Kaname gapes at Fumika. She’s here to deliver a shigofumi, for Kotake, from Sen. Kotake takes the letter. Mr. Sen comes in to grab it instead, but Fumika gets in the way and gives him a nasty look. As Kotake starts to open the shigofumi, Mr. Sen tries to take it again. Fumika takes out her huge gun and holds it against the man’s head, which seems pretty amazing, considering how short she is.

Kaname’s eyes narrow and he has a vision of that girl from middle school with her gun. “Could she be…?”

Fumika tells Mr. Sen not to interfere. She’s really dedicated to her job, although at this point I don’t see the point, because she’s already delivered the letter. Does she really care what happens after that?

In the hallway, the SWAT guys move into position.

Kotake starts to read the letter, but Mr. Sens asks him to read it aloud, and the boy agrees. Dear dead Sen talks about their rooftop conversation. He admits that sometimes he’s wondered, what will happen if I jump? It’s not about dying, it’s not about wanting to live. Kotake has a vision of standing on the train platform and standing next to Sen, who smiles at him and jumps. Then he jumps, and then everyone jumps. It’s about the jump.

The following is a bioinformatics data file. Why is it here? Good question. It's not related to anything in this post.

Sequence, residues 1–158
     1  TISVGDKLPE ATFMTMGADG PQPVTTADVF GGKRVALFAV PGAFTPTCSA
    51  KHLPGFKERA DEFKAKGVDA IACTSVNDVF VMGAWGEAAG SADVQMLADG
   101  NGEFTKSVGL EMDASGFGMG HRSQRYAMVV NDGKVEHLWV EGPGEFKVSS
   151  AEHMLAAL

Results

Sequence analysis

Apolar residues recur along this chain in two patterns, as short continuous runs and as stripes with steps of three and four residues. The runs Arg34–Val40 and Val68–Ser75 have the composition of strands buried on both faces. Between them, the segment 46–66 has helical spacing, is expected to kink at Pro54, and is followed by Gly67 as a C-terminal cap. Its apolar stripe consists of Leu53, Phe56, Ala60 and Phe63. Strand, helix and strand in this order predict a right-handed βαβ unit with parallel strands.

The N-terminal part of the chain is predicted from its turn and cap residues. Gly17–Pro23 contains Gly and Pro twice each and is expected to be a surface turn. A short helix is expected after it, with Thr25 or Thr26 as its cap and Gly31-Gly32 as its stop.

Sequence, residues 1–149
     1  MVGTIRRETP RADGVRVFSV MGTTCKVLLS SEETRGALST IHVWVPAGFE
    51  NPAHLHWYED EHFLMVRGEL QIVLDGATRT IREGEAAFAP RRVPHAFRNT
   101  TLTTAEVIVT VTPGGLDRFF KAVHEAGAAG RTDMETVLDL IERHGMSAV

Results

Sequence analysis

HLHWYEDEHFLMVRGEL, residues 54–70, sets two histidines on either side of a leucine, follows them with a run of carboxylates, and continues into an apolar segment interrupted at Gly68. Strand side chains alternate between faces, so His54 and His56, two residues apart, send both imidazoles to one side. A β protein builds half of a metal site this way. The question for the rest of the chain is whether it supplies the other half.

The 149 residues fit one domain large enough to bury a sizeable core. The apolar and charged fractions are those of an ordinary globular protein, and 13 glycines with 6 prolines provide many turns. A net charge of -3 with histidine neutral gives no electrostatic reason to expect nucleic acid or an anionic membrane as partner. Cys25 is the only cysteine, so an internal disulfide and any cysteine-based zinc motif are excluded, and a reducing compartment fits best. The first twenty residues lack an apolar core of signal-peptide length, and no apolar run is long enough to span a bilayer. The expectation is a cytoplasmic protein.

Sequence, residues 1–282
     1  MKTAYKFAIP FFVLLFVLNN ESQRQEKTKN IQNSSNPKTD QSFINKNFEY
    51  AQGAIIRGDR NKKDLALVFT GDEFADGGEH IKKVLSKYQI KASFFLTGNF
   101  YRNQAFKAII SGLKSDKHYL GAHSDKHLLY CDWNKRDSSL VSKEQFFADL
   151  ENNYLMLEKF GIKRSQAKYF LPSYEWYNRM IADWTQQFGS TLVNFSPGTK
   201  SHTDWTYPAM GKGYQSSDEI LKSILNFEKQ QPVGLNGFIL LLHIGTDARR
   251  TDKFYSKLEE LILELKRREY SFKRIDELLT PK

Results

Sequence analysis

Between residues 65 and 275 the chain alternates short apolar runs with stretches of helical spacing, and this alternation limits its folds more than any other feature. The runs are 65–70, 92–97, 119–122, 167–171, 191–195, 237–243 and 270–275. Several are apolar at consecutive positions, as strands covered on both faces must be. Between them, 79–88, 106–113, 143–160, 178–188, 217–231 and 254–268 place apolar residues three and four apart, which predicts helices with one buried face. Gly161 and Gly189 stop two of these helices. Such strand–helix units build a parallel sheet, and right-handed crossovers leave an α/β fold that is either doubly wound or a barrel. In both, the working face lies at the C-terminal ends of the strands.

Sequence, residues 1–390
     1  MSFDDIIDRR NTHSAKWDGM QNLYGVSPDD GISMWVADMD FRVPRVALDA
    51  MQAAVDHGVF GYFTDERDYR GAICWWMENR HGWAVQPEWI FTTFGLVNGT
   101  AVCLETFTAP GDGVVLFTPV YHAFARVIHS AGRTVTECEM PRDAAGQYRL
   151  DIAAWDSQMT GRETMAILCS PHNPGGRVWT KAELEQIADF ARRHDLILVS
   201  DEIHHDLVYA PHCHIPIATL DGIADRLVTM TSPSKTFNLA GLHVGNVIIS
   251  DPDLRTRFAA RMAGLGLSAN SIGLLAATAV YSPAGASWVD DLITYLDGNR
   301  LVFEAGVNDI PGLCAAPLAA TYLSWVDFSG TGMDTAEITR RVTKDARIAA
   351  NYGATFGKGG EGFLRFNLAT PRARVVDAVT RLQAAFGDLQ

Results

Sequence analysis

The letter ends. There wasn’t a reason, Sen says. Just like taking a different route home. He was just in the mood. Finis, and I stop to think about that. Is suicide really sometimes about the jump, and not the dying? Perhaps, or are we glossing over the pain and agony that can drive men and women to take their own lives? I’m sure that there are those who know people who have committed suicide without any apparent reason (maybe you’re reading this right now), and there’s just an ache inside because you want to know why but you can’t, for there is an impenetrable barrier between life and death. I hope that sometimes it is about the jump, and that maybe someone can find some solace in that.

Mr. Sen doesn’t believe it. Kotake tells him that Sen really did write that, but he doesn’t get to say why, for at that moment the SWAT team tosses in a flash grenade and it explodes with a blinding light and Mr. Sen is apprehended.

Mr. Sen gets dragged away. Kotake stands up and says because he and Sen were friends.

Meanwhile, Kamame runs up some stairs. We flip outside, to where Fumika is standing on a roof watching the entire scene. She mutters something about how death doesn’t save humans; they just disappear. The staff asks what she means, and Fumika says that those are words from a writer, Mikawa Kirameki.

“Mikawa!” Kaname shouts from behind her. At least, he asks if she’s Mikawa. He’s the guy from middle school, he tells her. Fumika stares at him, and he asks why she shot her father. The staff gasps. We suddenly see a girl lying in a bed, I’m assuming that she’s in a coma or something, and the book on the table next to her is by Mikawa Kirameki.